By Ron Pramschufer, President, Self Publishing, Inc. – Helping Authors Become Publishers Since 1995
It’s hard to believe we are fourteen years into the new millennium already. . It seems like just yesterday that I had a year’s supply of food in the cellar, several cases of batteries and a few bathtubs full of water as we anxiously waited for the clocks to turn, ushering in the new century. Fortunately, Y2K passed quietly on into the history books. The bathtubs were emptied, the food was consumed and batteries, eventually used. Looking back, my friends and I still chuckle at the whole scenario pondering whether my main motivation was the will to survive and be self-sufficient or by paranoia. One thing for sure, had the system crashed, as predicted by many, my family and I would have been fine. The unprepared…?
We’re in a similar situation today but it is going to take more than the simple stroke of the clock to see the results. Some of us see the runaway government spending and rights grabbing as a dream come true of one big happy family, holding hands, singing kum–bi-yah and the “Government” providing for all. Others see it as a time to fill the tubs again. Needless to say, I’m filling the tubs.
What does all this have to do with self-publishing? It’s pretty simple. If you are the kind of person who believes the government is there to take care of you and all your needs, you are the perfect candidate for vanity publishing. It looks like the easy way. Unfortunately, the same “smoke and mirrors” are used by both to obtain clients. The government does not make money, it takes money… period. All you need to do is take a quick ride around Montgomery County, MD or Fairfax County, VA… two of the highest per capita counties in the country. The overwhelming majority of the people in these counties live on your tax dollars… civil servants, so to speak. If you can’t take a physical visit, go there via Google Earth… take a little house tour. Now take a look around your own house and your neighbor’s house. If the government workers are supposed to be civil servants… that makes you, the taxpayers, the masters… Right? How “masterful” are you feeling lately?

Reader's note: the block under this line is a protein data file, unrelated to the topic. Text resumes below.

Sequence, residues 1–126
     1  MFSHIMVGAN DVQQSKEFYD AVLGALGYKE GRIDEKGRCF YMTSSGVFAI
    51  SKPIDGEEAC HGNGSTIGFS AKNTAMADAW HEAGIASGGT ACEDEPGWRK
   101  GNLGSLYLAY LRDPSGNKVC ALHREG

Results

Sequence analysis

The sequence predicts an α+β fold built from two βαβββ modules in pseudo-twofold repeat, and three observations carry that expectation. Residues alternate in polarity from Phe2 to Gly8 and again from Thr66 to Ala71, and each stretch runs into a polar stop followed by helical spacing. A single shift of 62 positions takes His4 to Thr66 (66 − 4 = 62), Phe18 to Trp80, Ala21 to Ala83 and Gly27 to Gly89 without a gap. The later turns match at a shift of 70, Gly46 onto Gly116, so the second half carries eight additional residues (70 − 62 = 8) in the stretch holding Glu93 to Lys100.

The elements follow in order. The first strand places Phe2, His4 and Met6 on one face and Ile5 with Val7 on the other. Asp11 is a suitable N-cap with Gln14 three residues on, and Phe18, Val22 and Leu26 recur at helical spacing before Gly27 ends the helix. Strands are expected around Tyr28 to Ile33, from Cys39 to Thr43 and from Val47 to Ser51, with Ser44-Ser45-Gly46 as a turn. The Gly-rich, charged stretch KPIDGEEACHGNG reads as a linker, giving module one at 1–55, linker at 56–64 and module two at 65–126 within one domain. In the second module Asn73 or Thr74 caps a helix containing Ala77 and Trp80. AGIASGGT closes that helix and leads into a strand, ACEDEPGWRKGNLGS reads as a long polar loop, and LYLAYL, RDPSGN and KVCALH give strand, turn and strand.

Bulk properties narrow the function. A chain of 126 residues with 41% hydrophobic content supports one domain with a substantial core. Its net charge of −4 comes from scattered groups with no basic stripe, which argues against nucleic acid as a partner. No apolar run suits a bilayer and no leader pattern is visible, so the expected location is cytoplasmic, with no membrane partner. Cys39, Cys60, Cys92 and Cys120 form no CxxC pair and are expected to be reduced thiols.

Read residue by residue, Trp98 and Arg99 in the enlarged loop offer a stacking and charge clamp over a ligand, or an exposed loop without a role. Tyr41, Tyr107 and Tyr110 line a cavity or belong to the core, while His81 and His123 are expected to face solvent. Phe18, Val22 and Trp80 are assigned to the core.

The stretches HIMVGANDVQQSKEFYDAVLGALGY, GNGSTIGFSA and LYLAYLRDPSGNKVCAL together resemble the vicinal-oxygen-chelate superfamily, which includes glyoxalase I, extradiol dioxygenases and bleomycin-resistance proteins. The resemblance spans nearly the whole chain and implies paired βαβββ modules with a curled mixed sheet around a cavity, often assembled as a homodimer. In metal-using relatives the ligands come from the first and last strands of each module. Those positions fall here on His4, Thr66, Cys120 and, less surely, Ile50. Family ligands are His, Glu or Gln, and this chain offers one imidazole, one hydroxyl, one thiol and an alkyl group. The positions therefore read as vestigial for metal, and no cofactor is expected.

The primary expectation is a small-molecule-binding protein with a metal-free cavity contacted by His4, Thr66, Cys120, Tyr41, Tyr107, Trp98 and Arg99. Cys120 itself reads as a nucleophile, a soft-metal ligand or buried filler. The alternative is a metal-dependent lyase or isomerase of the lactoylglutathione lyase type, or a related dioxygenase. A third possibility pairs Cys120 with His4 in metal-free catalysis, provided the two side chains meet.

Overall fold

Now take a look at the vanity publishers, like Author House, IUniverse, Outskirts Press, etc, etc, etc. If you believe what they are selling … you believe that you are self-publishing. You believe that if you give them money and they publish your book… you self-published your book. Guess what, you’re not and you didn’t. Unfortunately you can’t do the Google Earth tour of the vanity publishing Industry so we’ll have to do it with words.
First off, how can you be a “self” publisher without you… “self” being the publisher? It’s pretty simple. Is your name or the name of your company going to be on the title page? Published by…. if it is anything other than your name or your company’s name, you are not the publisher, therefore not a self-publisher… period. You can say you are a published author, but you can’t say that you are a self-publisher or that you self-published your book. Of course the value of saying you’re a “published author” at any of these vanity presses is right up there with the value of a PhD received from FD University. Actually, I’m thinking of using my FDU degree to apply for one of those czar jobs down in DC. Then you can see my house on that Google Earth civil servant tour, too. If I get the job, maybe I’ll change my opinion of the vanity presses. I’ll keep you posted.